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Curious what Congress will do? PredictGov has a pretty good idea

by Apr. 7, 2017, 10:55 AM

A new website that predicts congressional bills’ success foresaw the Affordable Care Act replacement bill would be shelved instead of passed – awarding it only a 15 percent chance of being enacted.

Users can look up any pending bill on PredictGov or find predictions through its partner, legislation tracker GovTrack, which now includes a “prognosis” line in its overview of each bill.

Vanderbilt University law Professor J.B. Ruhl is a co-founder in bill forecasting site PredictGov. (Vanderbilt University)

PredictGov, which uses big data and artificial intelligence to reach its conclusions, is the invention of Vanderbilt University law Professor J.B. Ruhl; computer scientist and doctoral candidate John Nay, and their team. It pulls from decades of congressional data plus hundreds of variables, including the bill’s sponsor, amendments, economic trends and political shifts.

Each bill’s score updates every 24 hours, accounting for amendments that jump on or off. The platform is intentionally agnostic and not designed for any political party or group, Ruhl said.

The ACA replacement bill’s score of 15 percent is higher than average; at most, 6 percent of bills introduced into Congress become law. Only legislation with little or no controversy surrounding it gets a probability score of 40 percent or higher.

Analyzes scores of variables

PredictGov makes its forecast through machine learning, a type of artificial intelligence that allows a system to make predictions after sorting through large amounts of data and learning to recognize patterns. The underlying code doesn’t dictate a particular outcome or task but couples data, algorithms and statistics. PredictGov analyzes the text of the bill itself, comparing it to past measures that used similar language, in addition to sifting through scores of other variables.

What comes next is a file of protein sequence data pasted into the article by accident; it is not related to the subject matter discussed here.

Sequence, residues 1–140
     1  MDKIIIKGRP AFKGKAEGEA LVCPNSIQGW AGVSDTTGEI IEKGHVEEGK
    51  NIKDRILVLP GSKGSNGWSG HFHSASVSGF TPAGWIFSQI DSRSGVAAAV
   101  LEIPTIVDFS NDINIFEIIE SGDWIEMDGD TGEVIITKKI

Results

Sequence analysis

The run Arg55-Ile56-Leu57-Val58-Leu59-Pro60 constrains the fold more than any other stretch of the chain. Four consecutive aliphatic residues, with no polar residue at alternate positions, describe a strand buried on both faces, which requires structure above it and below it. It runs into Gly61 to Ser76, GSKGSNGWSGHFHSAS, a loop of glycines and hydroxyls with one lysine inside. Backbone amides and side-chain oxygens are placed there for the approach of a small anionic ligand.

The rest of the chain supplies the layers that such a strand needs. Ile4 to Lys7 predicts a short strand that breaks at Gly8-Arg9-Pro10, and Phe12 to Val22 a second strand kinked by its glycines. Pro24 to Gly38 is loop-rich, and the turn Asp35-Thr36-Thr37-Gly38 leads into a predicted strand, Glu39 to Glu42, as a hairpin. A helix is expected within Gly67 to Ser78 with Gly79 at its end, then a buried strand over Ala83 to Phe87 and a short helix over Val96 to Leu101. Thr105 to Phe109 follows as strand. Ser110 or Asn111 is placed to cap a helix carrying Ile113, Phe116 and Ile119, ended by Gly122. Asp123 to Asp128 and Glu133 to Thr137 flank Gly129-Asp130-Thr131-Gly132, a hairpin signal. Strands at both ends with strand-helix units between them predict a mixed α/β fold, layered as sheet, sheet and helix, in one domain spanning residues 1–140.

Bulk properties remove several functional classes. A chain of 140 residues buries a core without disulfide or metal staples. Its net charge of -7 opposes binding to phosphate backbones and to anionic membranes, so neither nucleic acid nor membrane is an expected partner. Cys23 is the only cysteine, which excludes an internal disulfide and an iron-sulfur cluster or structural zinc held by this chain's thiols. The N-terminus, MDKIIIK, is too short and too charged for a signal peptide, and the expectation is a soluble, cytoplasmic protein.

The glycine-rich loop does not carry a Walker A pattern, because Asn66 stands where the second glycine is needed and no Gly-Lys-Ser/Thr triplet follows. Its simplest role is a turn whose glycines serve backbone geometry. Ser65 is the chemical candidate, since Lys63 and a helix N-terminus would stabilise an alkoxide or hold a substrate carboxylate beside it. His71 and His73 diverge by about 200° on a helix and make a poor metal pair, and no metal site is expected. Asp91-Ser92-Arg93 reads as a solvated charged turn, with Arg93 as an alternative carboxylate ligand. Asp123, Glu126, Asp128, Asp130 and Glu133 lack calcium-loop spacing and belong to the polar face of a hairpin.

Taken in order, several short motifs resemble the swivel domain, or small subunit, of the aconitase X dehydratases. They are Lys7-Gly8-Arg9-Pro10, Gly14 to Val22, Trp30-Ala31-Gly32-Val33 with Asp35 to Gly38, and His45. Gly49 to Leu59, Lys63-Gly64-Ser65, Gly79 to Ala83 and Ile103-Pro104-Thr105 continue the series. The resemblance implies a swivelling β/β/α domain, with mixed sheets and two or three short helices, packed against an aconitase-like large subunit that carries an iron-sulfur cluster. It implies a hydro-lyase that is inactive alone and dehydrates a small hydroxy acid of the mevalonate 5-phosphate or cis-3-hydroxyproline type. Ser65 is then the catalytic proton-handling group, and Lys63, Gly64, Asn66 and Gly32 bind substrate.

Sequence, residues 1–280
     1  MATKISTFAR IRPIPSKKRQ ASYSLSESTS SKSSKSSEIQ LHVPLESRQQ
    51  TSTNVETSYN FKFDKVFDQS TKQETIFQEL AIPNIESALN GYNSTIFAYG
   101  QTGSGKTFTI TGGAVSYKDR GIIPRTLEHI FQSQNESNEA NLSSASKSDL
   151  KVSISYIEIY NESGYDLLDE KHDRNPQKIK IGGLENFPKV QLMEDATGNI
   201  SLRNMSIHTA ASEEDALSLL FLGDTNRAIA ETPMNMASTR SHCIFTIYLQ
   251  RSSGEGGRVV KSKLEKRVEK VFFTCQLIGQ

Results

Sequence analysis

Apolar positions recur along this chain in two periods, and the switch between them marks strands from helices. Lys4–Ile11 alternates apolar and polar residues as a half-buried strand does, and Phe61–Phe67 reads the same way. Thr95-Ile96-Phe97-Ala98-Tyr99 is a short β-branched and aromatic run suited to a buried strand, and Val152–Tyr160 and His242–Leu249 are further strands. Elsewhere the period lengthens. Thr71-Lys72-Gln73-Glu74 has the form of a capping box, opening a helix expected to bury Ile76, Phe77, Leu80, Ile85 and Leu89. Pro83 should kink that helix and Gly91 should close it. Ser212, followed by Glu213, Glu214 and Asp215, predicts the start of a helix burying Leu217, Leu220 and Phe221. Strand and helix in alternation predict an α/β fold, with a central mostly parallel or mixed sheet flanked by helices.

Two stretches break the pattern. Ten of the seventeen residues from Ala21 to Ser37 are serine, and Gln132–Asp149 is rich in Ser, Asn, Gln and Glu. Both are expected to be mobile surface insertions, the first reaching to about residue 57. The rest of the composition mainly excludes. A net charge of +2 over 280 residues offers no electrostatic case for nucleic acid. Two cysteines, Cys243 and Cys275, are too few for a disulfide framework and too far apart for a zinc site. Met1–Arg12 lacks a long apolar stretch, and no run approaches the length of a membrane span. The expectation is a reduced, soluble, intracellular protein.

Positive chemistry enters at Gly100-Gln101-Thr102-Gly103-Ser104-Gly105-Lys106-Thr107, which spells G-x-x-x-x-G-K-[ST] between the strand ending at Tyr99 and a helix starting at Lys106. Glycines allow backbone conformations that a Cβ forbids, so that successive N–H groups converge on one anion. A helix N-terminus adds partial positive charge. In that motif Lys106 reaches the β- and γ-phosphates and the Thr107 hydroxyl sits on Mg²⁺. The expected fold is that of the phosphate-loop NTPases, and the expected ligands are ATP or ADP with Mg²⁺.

Nay and Ruhl, along with Professor Oliver Goodenough, director of the Center for Legal Innovation at Vermont Law School, together founded Skopos Labs Inc. to develop the legislation predictor. The Skopos team also includes Elizabeth Stone, a former Capitol Hill staffer who recently earned her master’s degree in earth and environmental sciences at Vanderbilt..

The predictive score is useful to corporations, other government entities, non-governmental organizations and lobbyists as well as citizens who want to stay informed, Ruhl said. Even the most experienced attorney, lobbyist, elected official, or Congressional watchdog can’t sift through the sheer numbers of data points that PredictGov does.

“It can help them make decisions about investing efforts in the political process,” said Ruhl, who is also the David Daniels Allen Distinguished Professor of Law . “It doesn’t replicate human judgment but provides insights that help people make judgments.”

In the case of the health care bill, for example, PredictGov gave it a 15 percent chance of passing based on data points, algorithms and the text of the bill itself – not because of a political agenda, he said.

Partnered with popular bill tracker

Skopos Labs has developed a proprietary platform that leverages both natural language processing and machine learning. As AI and machine learning become mainstream terms, both Skopos Labs and PredictGov are getting broad exposure. Its alliance with popular legislation tracker GovTrack.us gives millions of people exposure to PredictGov, which is listed in a “prognosis” line with other data about each bill.

“Accurate predicting of what is happening in Congress is a useful tool,” said Josh Tauberer, GovTrack’s founder. “It goes to what is important.”

John Nay (Vanderbilt University)

PredictGov allows users to easily see how similar measures fared in the past and what main factors contribute to the current score. Advanced features that provide more granular analyses and the legislative ecosystems related to each bill are available by subscription.

The new venture’s name is derived from “teleskopos,” the Greek word for far-seeing (and the inspiration for telescope), skopos is used in linguistics as well to describe one theory of translating text.

The underlying technology has potential broader applications, including the assessment of online news for so-called fake stories and, in the financial world, tracking changes in a company’s value.

Media Inquiries:
Heidi Hall (615) 322-NEWS
heidi.hall@vanderbilt.edu

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